Photography is a constant in Johnson’s work; even if he starts in another medium, the work is ultimately presented as a photograph. The photographic surface gives his oeuvre a slick, cohesive look.16 Walking through the exhibition at the Hammer, I found myself wishing for a more visually haptic experience, in which my eyes were allowed to wander around the physical edges of collages or a drawn line; I wanted to actually see the pencil line on paper rather than the perfectly reproduced drawing on photographic paper. But Johnson denies the viewer the pleasure of looking at other materials. Through his consistent use of photography, Johnson’s mediated surfaces convey a sense of emotional detachment to the highly emotionally charged contents. After all, his works are not private confessions in diary prose and penmanship, but crafted and mediated pieces referencing mass culture combined with confessional tones. In this respect, I see photography and its glossy surface as a unifying format that emphasizes the public over the private, the reproducible over the original. Johnson’s visual language actually engages us to think about mass-produced narratives, gay concerns, and camp practice by highlighting various styles of American postwar culture and revealing polysemic pleasures.
Doris Berger is an independent art historian, writer, and curator relocated from Berlin to Los Angeles. Former director of Kunstverein Wolfsburg, Germany, she recently published her PhD thesis on the depiction of visual artists in biopics.
- Russell Ferguson, “I Had Never Seen Anything Like It,” Larry Johnson, Hammer Museum, Los Angeles (Munich: Prestel, 2009), 11.↵
- Texte zur Kunst published an issue last year focusing on the notions of artists’ artists and referentiality in contemporary art:Texte zur Kunst, v. 18, n. 71 (september 2008). Also see the most recent Berlin Biennale: Adam Szymcyk and Elena Filipovic, eds., When Things Cast No Shadow (Berlin: KW Institute for Contemporary Art, 2008).↵
- David Rimanelli, “Larry Johnson: Highlights of Concentrated Camp,” Flash Art, n. 155 (November- December 1990), 121. Interview reprinted in Ferguson, 90-96.↵
- Douglas Fogle, The Last Picture Show: Artists Using Photography 1960-1982, (Minneapolis: Walker Art Center, 2003).↵
- The notion of camp is highly debated even to the point of being outdated, which is in itself a camp-debate. See Susan Sontag, “Notes on Camp,” Against Interpretation and Other Essays (New York: Dell Publishing co., 1966), 275-292; and Andrew Ross, “Uses of Camp,” No Respect: Intellectuals & Popular Culture (New York: Routledge, 1989), 135-170.↵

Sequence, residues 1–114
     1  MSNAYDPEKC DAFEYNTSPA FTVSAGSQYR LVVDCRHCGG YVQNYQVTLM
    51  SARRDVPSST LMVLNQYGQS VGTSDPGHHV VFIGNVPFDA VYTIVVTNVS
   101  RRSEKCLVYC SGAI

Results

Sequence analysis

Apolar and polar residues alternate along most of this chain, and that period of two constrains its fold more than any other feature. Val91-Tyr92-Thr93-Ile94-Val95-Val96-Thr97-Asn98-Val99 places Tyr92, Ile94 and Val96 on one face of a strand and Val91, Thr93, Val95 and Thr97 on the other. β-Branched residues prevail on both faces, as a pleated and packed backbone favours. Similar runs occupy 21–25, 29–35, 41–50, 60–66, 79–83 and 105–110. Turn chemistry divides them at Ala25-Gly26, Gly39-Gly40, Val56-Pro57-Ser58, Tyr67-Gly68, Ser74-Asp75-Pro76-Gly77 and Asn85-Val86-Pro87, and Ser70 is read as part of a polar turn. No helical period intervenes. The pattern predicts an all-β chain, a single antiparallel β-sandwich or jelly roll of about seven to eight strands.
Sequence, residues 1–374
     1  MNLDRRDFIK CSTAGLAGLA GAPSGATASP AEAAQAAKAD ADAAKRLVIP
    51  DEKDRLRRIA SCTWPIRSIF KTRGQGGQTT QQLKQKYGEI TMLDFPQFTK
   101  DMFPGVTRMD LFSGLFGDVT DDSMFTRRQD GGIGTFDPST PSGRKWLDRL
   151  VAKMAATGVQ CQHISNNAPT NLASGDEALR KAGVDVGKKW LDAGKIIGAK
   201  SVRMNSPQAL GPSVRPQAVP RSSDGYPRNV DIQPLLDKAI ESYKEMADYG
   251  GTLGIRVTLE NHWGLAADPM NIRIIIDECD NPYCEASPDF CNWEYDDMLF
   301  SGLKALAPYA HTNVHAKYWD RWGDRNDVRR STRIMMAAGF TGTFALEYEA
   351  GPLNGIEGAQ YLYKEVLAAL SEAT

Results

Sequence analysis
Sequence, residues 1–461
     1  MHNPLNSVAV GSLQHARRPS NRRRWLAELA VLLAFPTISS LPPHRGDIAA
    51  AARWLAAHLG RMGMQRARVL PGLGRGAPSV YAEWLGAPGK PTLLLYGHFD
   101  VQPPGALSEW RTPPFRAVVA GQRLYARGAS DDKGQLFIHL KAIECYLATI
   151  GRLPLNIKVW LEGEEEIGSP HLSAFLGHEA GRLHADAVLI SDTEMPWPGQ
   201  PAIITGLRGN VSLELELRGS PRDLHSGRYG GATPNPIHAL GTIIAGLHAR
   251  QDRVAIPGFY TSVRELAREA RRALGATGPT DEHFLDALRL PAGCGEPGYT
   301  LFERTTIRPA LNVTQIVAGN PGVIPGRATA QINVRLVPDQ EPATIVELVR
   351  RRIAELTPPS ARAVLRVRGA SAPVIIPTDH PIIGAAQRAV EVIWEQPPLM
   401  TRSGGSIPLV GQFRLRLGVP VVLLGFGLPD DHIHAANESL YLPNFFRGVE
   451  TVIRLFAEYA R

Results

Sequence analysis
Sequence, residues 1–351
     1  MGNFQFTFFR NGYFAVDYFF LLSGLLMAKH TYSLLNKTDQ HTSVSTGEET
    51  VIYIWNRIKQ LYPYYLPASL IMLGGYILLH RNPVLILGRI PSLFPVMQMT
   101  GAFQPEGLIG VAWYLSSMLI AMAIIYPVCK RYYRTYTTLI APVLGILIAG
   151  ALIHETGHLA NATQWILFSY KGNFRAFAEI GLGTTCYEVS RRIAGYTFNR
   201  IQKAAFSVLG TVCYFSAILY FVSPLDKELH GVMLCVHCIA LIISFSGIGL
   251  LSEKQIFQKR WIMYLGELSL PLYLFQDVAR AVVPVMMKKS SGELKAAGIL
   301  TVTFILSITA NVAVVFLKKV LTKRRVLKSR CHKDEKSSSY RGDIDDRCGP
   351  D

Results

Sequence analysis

- Ferguson, “I Had Never Seen Anything Like It,” 46.↵
- Rimanelli, 123.↵
- David Pagel, “Larry Johnson,” Art Issues, n. 16 (Feb/March 1991), 39.↵
- Kenneth Anger, Hollywood Babylon II (New York: E.P. Dutton, 1984), 9. Hollywood Babylon created international shockwaves for its demythification of Hollywood history. Anger published the first part of his book in French as Hollywood Babylone in 1959, and an authorized English version as Hollywood Babylon in 1975. Alice L. Hutchison, Kenneth Anger: A Demonic Visionary (London: Black Dog Publishing, 2004), 193-205. Johnson supposedly received Hollywood Babylon for his 17th birthday. Ferguson,11.↵
- Unlike James Dean, who supposedly was gay but didn’t live his homosexuality openly. Anger, Hollywood Babylon II, 134-147.↵
- Johnson quoted in Ferguson, 46.↵
- Douglas Eklund, The Pictures Generation, 1974-1984, Metropolitan Museum of Art, New York (New Haven: Yale University Press, 2009).↵
- Douglas Crimp, Pictures: an exhibition of the work of Troy Brauntuch, Jack Goldstein, Sherrie Levine, Robert Longo, Philip Smith, Artists Space (New York:Committee for the Visual Arts, 1977), 3.↵
- The emphasis on slick surfaces has a tradition in Los Angeles art production dating back to the 1960s. Its influence on contemporary art is under reconsideration in the concurrent exhibition and catalog, Superficiality and Superexcrescence, at Ben Maltz Gallery at Otis College of Art and Design(Los Angeles: Fellows of Contemporary Art, 2009). Curated by Christopher Bedford, Kristina Newhouse, and Jennifer Wulffson.↵